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Andromeda botnet busted by a bunch of spooks and cyber security boffins



A BOTNET-BUSTING joint task force has taken down the two million device-strong malware-spreading Andromeda network.

Cybersecurity agents from a combination of the Europol’s European Cybercrime Centre, the FBI, EuroJust and the Joint Cybercrime Action Task force, alongside help from a clutch of companies like Microsoft, moved to scupper what is thought to be the biggest botnet ever.

Using a technique called ‘sinkholing’, whereby domains carrying malware distributed by Andromeda were redirected to servers used to investigate the botnet, some 1,500 command and control domains were destabilised and traffic from two million infected devices worldwide were prevented from making contact with the control domains.

All this effort cut off the cyber criminals’ access to the infected devices that formed the botnet and resulted in knocking Andromeda offline.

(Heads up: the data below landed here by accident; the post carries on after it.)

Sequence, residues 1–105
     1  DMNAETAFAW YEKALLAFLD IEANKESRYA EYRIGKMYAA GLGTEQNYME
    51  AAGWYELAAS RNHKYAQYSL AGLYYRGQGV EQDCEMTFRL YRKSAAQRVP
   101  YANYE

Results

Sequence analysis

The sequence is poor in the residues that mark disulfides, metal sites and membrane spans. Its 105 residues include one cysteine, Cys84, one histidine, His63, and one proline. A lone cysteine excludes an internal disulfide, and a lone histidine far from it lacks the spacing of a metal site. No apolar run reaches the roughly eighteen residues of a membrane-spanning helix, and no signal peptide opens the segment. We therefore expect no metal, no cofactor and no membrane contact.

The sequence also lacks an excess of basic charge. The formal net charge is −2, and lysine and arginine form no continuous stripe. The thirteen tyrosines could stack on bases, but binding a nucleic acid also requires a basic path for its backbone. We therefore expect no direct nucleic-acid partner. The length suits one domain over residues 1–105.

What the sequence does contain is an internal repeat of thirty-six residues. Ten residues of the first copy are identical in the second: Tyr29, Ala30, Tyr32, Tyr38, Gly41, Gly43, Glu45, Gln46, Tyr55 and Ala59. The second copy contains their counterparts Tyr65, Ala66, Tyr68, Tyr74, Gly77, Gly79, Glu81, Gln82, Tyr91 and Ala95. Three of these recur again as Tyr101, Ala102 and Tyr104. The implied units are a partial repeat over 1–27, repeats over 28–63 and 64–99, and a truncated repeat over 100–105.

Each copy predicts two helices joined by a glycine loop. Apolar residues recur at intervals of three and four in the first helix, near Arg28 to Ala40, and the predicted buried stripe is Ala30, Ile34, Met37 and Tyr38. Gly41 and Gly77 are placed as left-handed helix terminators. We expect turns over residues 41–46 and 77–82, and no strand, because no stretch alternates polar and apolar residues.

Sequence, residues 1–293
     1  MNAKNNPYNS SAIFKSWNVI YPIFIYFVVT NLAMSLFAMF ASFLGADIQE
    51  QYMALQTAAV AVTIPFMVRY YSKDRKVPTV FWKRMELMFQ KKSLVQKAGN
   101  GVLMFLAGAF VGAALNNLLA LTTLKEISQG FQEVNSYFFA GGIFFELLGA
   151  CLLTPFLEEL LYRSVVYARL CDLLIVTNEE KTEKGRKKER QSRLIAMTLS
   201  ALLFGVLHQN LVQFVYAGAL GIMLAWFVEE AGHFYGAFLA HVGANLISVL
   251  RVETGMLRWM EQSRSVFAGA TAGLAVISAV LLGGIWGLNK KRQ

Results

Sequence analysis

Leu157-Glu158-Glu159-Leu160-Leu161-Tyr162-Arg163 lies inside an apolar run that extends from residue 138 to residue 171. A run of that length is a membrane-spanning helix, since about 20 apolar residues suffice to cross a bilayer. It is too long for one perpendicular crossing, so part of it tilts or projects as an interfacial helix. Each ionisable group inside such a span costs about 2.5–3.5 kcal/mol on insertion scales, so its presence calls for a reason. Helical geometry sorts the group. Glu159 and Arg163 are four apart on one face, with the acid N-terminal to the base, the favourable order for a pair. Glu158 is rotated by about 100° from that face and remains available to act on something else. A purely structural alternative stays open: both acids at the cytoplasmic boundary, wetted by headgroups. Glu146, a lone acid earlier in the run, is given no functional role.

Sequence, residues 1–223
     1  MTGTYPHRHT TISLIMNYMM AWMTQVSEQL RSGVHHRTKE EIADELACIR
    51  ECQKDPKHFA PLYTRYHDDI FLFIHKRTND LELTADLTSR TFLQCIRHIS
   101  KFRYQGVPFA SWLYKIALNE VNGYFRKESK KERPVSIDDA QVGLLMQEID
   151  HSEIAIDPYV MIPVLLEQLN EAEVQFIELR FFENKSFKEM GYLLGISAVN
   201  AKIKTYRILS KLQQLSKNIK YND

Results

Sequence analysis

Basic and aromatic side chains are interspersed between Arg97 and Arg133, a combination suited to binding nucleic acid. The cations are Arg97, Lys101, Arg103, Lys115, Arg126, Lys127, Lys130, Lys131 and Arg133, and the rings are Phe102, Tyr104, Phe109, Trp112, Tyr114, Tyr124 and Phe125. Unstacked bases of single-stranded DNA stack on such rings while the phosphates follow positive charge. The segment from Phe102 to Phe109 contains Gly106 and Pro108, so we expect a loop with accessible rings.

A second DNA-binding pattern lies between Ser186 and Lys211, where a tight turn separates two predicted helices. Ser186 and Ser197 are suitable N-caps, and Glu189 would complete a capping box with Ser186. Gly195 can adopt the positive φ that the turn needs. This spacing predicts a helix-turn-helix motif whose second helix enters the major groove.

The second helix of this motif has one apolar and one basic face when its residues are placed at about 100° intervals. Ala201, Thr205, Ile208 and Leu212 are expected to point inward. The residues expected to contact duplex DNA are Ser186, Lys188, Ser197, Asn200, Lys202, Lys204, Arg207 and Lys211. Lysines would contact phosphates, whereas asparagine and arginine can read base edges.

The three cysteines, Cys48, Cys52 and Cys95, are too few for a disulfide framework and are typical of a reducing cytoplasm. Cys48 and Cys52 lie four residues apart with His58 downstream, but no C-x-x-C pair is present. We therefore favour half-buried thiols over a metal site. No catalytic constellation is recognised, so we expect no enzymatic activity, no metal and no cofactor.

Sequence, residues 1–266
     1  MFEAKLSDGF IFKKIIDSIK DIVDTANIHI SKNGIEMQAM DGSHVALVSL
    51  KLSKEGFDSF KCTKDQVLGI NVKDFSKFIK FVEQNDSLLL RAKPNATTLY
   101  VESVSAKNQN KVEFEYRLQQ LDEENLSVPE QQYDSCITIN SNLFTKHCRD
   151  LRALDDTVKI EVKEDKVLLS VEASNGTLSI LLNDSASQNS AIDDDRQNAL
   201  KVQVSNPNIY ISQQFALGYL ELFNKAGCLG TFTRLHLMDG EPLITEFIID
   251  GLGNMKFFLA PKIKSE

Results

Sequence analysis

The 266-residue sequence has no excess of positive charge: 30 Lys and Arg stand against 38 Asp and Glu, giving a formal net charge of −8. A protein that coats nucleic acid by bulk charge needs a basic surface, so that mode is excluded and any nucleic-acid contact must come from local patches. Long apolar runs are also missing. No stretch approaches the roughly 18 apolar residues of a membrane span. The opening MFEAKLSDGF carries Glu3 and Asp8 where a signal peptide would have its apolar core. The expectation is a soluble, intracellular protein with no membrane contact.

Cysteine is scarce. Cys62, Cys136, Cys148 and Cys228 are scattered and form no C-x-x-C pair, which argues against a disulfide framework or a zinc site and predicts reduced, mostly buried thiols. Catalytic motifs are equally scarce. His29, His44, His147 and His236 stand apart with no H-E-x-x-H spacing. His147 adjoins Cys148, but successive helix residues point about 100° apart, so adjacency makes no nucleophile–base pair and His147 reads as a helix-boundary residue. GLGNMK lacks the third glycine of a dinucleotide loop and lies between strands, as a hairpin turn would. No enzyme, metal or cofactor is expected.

The taskforce discovered Andromeda had a massive reach having spread across 223 countries including the UK, Belgium, Italy, Singapore and Australia.

The investigation led to the arrest of a person in Belarus and the effective end of the Andromeda botnet.



Andromeda is thought to have spawned out of the now out-of-operation Avalanche trojan speading malware network, and was used to distribute 80 different kinds of malware at a global scale.

Steven Wilson, the head of Europol’s European Cybercrime Centre, noted the Andromeda takedown is a good example of how law enforcement organisations and the private sector can work together to combat the ever growing presence of cyber threats.

“This is another example of international law enforcement working together with industry partners to tackle the most significant cyber criminals and the dedicated infrastructure they use to distribute malware on a global scale. The clear message is that public-private partnerships can impact these criminals and make the internet safer for all of us,” he said.

That’s all very well but if Brexit does indeed go ahead, such partnerships between the UK and European law enforcement could be stymied, despite Britain being keen to share intelligence after it leaves the EU. µ



Source : Inquirer



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